Scotland's Strategy to Tackle Violence against Women and Girls

For many decades Scotland has been at the forefront of work to tackle violence against women.  Protecting women and children from all forms of violence, providing support and services for those who have or are experiencing violence, and preventing violence from occurring in the first place are national priorities.

The Scottish Government and COSLA, the Convention of Scottish Local Authorities are currently in the process of developing a national strategy aimed at tackling all forms of violence against women which will be published in Summer 2014.  Instead of a formal public consultation process, we are undertaking a period of focussed and targeted consultation and engagement with key stakeholders and interested parties to help inform the development of the strategy.

Our approach to engagement on Scotland's strategy to tackle violence against women and girls

In order to ensure that engagement on the strategy is as effective and meaningful as possible we are:

  • Inviting and providing support for stakeholders who deliver frontline services to host discussion groups about the strategy with women who use their services as a result of having experienced violence;
  • Meeting with key stakeholders including Police Scotland, Education Scotland, the Scottish Trades Union Congress and third sector organisations to discuss their commitments to tackling violence against women and girls which will be included within the strategy;
  • Circulating an outline structure of the strategy and discussion questions to all partners for wider dissemination to their own networks.  The outline structure and discussion questions are also publicly available and provide a means and opportunity for all those not directly involved in the discussion groups or meetings, to contribute their views on the strategy.

Why are we taking this approach?

We have taken the decision to move away from a formal consultation process because:

  • We believe that our approach will allow us to reach more women who have experienced abuse and who have come into contact with services and agencies as a result of their experience;
  • It reflects our intention that the strategy is developed through meaningful engagement and collaboration with frontline agencies and services.

So we will not be publishing a draft of the strategy for public consultation.  However the outline structure of the strategy, list of frequently asked questions and discussion questions have been made publicly available.  They provide a means and an opportunity for anyone not directly involved in the discussion groups or meetings to contribute their views on the strategy.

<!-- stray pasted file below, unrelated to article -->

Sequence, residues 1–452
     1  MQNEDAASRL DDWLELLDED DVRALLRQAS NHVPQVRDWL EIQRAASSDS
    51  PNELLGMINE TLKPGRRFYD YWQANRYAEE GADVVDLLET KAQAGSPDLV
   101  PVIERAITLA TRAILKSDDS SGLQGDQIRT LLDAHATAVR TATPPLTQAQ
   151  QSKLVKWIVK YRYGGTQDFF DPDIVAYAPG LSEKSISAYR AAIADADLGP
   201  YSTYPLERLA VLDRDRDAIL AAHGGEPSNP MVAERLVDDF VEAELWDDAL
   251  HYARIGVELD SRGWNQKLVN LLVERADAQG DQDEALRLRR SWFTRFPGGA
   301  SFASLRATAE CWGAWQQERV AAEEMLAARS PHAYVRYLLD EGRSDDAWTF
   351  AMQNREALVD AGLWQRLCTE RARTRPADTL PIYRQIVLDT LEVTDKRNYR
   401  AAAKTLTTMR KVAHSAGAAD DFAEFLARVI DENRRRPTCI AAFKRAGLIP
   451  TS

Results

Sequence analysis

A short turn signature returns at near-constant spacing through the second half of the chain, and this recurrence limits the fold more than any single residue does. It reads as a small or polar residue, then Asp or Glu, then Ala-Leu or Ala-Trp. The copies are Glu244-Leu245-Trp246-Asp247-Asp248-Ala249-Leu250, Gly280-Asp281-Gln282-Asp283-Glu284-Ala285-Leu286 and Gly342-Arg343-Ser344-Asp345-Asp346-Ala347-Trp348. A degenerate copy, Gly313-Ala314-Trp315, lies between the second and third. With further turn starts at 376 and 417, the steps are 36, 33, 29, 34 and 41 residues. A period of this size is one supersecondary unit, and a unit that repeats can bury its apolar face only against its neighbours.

Responses to the outline structure of the strategy and discussion questions are being sought until Friday 28 February and should be sent to either:

VAWT@scotland.gsi.gov.uk

or:

Nicole Ronald

Scottish Government

Business Support Unit

Equality, Human Rights and Third Sector Division

3H-South

Victoria Quay

Violence against Women

Violence against women is a term used by the Scottish Government to define a range of actions which harm or cause suffering and indignity to women and children. They include but are not limited to:

  • Physical, sexual and psychological violence occurring in the family, within the general community or in institutions, including: domestic abuse, rape, incest and child sexual abuse;
  • Sexual harrassment and intimidation at work and in the public sphere; commercial sexual exploitation including prostitution, pornography and trafficking;
  • Dowry related violence;
  • Forced and child marriages;
  • Honour crimes

What does gender have to do with it?

These actions are mainly carried out by men against women and children. The different forms of violence have their roots in gender inequality and in the different power relations between men and women in society. They are therefore understood as gender-based violence and are interlinked.

This does not mean that women do not use violence or carry out the actions described above. Nor does it mean that men are not the victims of these actions. It merely recognises that statistically men are commonly the perpetrators and women and children the victims.

More than physical violence

In the context of violence against women, 'violence' has a broader meaning than the normal dictionary definition of violence, which generally requires some form of exertion of physical force. The range of behaviours described above can be physical, but they also include emotional, psycholgical and sexual abuse, and behaviour which is coercive and controlling in nature.